Have you never seen a blind person use their smartphone or computer? Understanding digital accessibility is a challenge for blind people, but now We’ll discuss what it’s like to use the internet for a disabled person.
What do we mean by “blind”?
Blindness, like most disabilities, is a lack of vision. It refers to a loss of eyesight that cannot be corrected with contact lenses or glasses a spectrum.
Thus, some people can see nothing (not even light); they are completely blind, and so many variations in between.
Conversely, some people have minimal vision; they are referred to as partial blindness. Most people who use the term “blindness” mean visually impaired.
However, it’s just like a spectrum; when you meet a blind person, it is unlikely that you’ll be able to tell where they fall on this spectrum—even one who uses a white cane or guide dog.
Today, we’ll concentrate on those who require a braille keyboard or screen reader to access technology.
Built-in examples of screen readers
- Kindle Text-To-Speech
- Android TalkBack
- Apple’s iOS VoiceOver
Software examples of screen readers
- Microsoft Narrator
- JAWS for Windows
- Serotek System Access
- Apple VoiceOver (OS X)
- ORCA (Linux)
- WebAnywhere (All OSs, Web browsers)
- Spoken Web (Internet Explorer)
- NVDA (Windows)
- Chrom Vis and Chrome Vox ( Google Chrome)
Refreshable braille displays
A braille reader is a flat keyboard like a device that translates text into braille and enables deaf-blind or blind individuals to understand text using their fingers.
Examples of braille displays
- Brailliant (Humanware)
- Focus (Freedom Scientific)
- ALVA BC680
Software that supports braille
- iBrailler Notes
- Index BrailleApp
- Google Braille Back
Speech recognizing software provides a user to type, navigate, and interact with websites using their voice.
Built-in examples of dictation software
- Apple Dictation
- Windows Speech
- Gboard (Andriod, iOS)
- Google Docs
- Voice typing
Software example for dictation
- Dragon NaturallySpeaking
Why is iPhone popular for blind users?
Apple has the most advanced, accessible smartphone in the market. Apple allows more reliable features to work instead of other smartphone companies. Thus, apps written for iOS are more likely to be accessible without even meaning.
Using Mobile Devices
Smartphones come with new possibilities for visually impaired users. They have apps that help them navigate new cities, recognize money, scan bar codes, identify colors, and read the product information.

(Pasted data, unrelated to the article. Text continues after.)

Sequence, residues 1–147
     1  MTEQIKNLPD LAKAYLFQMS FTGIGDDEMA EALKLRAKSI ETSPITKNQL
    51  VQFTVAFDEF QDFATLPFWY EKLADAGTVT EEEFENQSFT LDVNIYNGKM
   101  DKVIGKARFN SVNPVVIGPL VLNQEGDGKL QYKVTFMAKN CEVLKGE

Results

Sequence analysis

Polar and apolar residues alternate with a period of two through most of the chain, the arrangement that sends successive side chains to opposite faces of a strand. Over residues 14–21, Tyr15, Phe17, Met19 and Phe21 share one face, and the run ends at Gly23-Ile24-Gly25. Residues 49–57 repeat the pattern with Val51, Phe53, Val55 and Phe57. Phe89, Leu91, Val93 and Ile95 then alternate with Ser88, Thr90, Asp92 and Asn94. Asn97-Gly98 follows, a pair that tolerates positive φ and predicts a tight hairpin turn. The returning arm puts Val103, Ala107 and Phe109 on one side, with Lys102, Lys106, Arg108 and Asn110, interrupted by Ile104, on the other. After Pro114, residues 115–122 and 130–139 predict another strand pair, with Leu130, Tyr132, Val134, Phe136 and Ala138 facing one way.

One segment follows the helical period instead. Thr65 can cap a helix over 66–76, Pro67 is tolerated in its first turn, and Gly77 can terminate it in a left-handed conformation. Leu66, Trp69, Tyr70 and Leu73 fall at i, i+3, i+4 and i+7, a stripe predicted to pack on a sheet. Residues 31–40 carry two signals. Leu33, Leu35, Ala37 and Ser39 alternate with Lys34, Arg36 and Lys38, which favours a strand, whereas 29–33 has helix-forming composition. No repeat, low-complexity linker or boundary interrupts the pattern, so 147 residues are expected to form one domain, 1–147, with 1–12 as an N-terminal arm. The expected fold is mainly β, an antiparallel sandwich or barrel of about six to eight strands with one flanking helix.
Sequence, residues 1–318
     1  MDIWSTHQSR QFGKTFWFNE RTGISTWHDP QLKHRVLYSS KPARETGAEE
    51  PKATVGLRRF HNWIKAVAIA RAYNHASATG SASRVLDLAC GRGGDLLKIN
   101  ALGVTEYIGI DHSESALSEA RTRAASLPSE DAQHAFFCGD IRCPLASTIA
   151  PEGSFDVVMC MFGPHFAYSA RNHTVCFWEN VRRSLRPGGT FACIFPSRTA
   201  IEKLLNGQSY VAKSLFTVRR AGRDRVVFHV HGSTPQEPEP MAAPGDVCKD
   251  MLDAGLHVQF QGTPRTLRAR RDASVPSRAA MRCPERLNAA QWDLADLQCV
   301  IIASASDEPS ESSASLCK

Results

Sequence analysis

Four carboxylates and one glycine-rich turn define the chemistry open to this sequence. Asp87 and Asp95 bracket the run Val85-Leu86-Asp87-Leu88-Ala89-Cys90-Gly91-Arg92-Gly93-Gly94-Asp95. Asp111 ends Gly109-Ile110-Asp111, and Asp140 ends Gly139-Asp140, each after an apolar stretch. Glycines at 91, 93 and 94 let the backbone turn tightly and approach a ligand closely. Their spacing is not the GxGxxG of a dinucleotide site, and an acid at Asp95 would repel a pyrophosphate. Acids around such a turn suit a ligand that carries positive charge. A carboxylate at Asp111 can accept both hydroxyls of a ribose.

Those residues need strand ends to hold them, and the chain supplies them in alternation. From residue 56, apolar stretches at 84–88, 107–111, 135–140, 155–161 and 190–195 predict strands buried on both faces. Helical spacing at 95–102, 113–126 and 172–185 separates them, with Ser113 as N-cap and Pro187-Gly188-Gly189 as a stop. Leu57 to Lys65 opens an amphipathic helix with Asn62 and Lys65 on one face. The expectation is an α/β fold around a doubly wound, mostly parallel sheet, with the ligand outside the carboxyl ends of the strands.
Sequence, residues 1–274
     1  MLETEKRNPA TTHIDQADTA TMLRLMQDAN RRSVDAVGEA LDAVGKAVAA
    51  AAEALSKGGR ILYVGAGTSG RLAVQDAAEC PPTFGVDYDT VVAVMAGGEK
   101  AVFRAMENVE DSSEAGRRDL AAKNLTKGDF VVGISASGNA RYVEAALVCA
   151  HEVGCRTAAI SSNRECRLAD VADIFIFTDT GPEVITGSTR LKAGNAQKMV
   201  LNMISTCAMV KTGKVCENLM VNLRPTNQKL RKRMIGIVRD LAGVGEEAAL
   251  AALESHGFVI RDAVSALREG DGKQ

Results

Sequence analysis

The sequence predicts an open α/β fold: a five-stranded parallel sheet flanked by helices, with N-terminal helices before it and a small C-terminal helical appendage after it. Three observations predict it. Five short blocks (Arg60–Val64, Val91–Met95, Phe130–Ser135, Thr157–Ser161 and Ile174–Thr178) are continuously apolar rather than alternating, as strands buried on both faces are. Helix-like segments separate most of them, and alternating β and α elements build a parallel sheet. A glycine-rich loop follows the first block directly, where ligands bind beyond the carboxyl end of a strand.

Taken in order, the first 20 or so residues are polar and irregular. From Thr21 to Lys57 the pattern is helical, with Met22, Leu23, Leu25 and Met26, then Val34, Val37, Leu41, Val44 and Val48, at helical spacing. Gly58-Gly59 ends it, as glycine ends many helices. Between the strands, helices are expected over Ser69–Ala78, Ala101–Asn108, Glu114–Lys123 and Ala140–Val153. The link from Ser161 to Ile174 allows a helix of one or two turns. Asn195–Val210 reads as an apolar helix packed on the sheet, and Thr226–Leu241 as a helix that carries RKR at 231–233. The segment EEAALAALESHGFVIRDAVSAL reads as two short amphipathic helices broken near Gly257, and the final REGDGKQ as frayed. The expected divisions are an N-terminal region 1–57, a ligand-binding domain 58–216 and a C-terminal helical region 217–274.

Labeling location and purpose
Clear labels are essential for Android’s TalkBack and iOS VoiceOver to operate properly. Labels should represent the purpose and location of the element that has focus.
Don’t ignore gestures
Gestures such as swapping, pinching, and tapping are essential for blind users. When apps do not reply to native or modified accessibility gestures, it is difficult for some people to use it.
How does a blind person use touchscreen devices?
Here’s how blind people use apps and navigate websites just like the rest of us. Thanks to some simple accessibility software and tweaks.
When accessibility features switch on, audio feedback adds to each tap on the screen. In this way, a blind person can tap on the screen at a particular point and hear information.
They can repeatedly tap to activate that area (i.e., the field within the app or click on a button or open that app). Consequently, blind people understand with the help of audio feedback.
A single tap on the screen announces that the person has touched the Gmail icon, and a double-tap opens the app. Then, the voiceOver reads the detail of the top massage in the inbox.
Keep visually impaired people in mind while design your software, websites, and hardware; further, you can retrofit existing technology to give access. It’s an opportunity to grow your organization to get more clients, more revenue, more contracts. Some fixes like alternative text and auditing your content structure are quick to do and impact the user experience.